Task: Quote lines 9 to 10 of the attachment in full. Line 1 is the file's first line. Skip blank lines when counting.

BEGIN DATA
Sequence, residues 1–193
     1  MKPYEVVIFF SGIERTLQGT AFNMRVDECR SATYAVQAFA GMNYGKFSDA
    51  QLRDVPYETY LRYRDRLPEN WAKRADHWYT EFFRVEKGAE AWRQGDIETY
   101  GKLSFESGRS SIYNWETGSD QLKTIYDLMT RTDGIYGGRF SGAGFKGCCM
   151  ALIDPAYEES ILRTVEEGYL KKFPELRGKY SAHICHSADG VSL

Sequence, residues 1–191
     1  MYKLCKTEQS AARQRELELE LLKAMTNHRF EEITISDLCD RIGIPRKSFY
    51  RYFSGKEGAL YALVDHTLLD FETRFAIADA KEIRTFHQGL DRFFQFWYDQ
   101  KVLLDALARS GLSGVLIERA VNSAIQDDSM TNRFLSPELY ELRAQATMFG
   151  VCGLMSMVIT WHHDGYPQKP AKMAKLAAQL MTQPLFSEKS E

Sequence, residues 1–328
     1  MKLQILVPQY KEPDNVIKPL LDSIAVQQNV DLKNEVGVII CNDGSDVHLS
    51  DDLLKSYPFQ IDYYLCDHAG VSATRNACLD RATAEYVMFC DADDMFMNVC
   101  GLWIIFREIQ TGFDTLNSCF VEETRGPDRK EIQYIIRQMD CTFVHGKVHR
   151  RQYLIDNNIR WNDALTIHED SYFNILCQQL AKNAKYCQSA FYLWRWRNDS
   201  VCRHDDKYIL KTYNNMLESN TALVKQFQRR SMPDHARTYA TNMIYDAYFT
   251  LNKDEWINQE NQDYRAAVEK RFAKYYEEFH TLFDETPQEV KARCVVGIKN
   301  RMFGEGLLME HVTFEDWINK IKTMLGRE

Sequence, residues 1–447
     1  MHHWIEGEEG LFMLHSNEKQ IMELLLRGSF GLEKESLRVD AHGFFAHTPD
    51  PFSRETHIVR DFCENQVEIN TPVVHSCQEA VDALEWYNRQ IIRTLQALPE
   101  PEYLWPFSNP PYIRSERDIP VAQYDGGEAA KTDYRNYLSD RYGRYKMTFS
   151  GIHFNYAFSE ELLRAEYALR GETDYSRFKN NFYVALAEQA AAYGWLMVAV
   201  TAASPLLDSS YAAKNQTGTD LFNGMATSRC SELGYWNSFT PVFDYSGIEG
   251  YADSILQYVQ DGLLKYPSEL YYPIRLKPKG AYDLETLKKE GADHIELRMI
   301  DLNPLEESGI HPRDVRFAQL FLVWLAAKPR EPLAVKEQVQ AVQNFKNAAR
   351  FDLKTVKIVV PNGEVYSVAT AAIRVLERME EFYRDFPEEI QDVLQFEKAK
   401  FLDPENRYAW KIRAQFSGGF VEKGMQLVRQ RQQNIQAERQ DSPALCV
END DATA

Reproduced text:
   101  KVLLDALARS GLSGVLIERA VNSAIQDDSM TNRFLSPELY ELRAQATMFG
   151  VCGLMSMVIT WHHDGYPQKP AKMAKLAAQL MTQPLFSEKS E